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By Phil Hall | January 6, 2013

Katja Esson’s documentary is centered on a gathering of 27 poets who share the common bond of surviving some of the most horrifying political atrocities of the 20th century. Each poet offers a distinctive view of the terror that destroyed his or her respective homeland.

For example, Holocaust survivor Lillian Boraks-Nemetz returns to her native Poland and recalls the people and places in her harrowing escape from the Warsaw Ghetto, while Hiroshima bombing survivor Yasuhiko Shigemoto wanders through the modern city in search of reminders of the 1945 atomic bombing. A few of the poets physically escaped the full-brunt of their national tragedies while they were small children, but they came of age in an emotionally challenging exile that frayed their family structure and left them feeling like permanent strangers in their adopted surroundings.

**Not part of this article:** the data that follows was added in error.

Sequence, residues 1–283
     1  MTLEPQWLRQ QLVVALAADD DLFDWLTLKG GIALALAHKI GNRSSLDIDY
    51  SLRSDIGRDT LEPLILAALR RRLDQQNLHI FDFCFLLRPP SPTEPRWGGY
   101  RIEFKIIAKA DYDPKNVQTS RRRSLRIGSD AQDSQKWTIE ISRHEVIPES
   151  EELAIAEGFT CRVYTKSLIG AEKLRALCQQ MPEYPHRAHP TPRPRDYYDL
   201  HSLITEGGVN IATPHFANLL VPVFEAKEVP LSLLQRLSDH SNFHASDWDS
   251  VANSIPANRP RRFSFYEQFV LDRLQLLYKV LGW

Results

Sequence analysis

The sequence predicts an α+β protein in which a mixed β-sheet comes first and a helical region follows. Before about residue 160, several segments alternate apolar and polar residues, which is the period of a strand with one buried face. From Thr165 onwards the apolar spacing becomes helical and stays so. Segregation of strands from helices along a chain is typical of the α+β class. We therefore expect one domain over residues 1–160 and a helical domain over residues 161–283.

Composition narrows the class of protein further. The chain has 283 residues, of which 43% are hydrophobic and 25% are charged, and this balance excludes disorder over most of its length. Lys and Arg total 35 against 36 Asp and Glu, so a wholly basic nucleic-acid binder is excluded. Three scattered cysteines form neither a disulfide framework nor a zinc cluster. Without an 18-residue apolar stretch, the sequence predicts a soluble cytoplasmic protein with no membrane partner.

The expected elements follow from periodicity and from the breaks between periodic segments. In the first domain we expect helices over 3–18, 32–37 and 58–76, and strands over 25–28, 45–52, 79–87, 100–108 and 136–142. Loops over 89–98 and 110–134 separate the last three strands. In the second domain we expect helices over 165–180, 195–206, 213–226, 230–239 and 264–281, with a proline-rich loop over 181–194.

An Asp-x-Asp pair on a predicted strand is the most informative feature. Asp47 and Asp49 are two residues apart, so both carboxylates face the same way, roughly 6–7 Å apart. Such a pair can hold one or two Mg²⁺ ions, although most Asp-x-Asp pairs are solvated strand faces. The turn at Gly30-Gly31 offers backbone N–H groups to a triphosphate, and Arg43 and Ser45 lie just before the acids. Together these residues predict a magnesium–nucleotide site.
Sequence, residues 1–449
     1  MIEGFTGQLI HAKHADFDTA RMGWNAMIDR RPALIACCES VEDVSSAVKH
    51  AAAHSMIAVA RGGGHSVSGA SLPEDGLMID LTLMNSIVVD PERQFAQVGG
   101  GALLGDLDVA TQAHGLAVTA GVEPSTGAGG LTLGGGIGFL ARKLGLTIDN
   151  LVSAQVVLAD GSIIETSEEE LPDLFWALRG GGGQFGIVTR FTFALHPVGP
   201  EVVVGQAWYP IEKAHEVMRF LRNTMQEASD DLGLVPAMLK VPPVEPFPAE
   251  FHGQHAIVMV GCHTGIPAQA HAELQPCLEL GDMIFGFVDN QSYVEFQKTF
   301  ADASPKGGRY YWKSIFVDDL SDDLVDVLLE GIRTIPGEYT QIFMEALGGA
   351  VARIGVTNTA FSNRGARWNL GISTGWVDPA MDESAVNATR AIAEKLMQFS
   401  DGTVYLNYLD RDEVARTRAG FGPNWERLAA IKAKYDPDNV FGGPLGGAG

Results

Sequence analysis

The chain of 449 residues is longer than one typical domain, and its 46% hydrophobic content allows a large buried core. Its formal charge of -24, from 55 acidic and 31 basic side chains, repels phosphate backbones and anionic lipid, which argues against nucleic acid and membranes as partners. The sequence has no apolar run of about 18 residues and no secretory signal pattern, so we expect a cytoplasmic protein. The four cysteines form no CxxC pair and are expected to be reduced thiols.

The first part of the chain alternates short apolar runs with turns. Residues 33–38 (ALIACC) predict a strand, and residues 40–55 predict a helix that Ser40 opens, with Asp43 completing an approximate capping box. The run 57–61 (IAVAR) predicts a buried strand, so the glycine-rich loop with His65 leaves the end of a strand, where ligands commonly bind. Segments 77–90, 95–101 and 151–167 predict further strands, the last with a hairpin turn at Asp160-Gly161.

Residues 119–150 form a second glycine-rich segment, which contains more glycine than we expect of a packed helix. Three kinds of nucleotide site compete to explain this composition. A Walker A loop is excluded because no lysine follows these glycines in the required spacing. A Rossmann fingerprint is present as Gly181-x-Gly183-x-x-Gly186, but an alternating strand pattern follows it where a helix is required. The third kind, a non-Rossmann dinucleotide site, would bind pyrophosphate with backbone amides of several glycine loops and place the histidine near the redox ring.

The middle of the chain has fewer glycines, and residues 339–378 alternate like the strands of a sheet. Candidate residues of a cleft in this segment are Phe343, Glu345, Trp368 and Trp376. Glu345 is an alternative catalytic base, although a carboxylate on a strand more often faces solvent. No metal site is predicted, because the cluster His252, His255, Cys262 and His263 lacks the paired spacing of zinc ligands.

Despite the geographical differences of their backgrounds, each poet brings forth a cogent observation of the worst of human nature while persevering with an artistic strength that celebrates the indefatigable spirit of survival.

The film’s compact 40-minute running time prevents a full appreciation of each poet’s personal history and writing, and it is a shame that very little screen time is afforded to Vietnamese poet Nguyen Chi Thien, whose work received international acclaim and won the Rotterdam International Poetry Prize while he was imprisoned by Hanoi’s Communist government. But poetry lovers will appreciate this invigorating celebration of life over evil.

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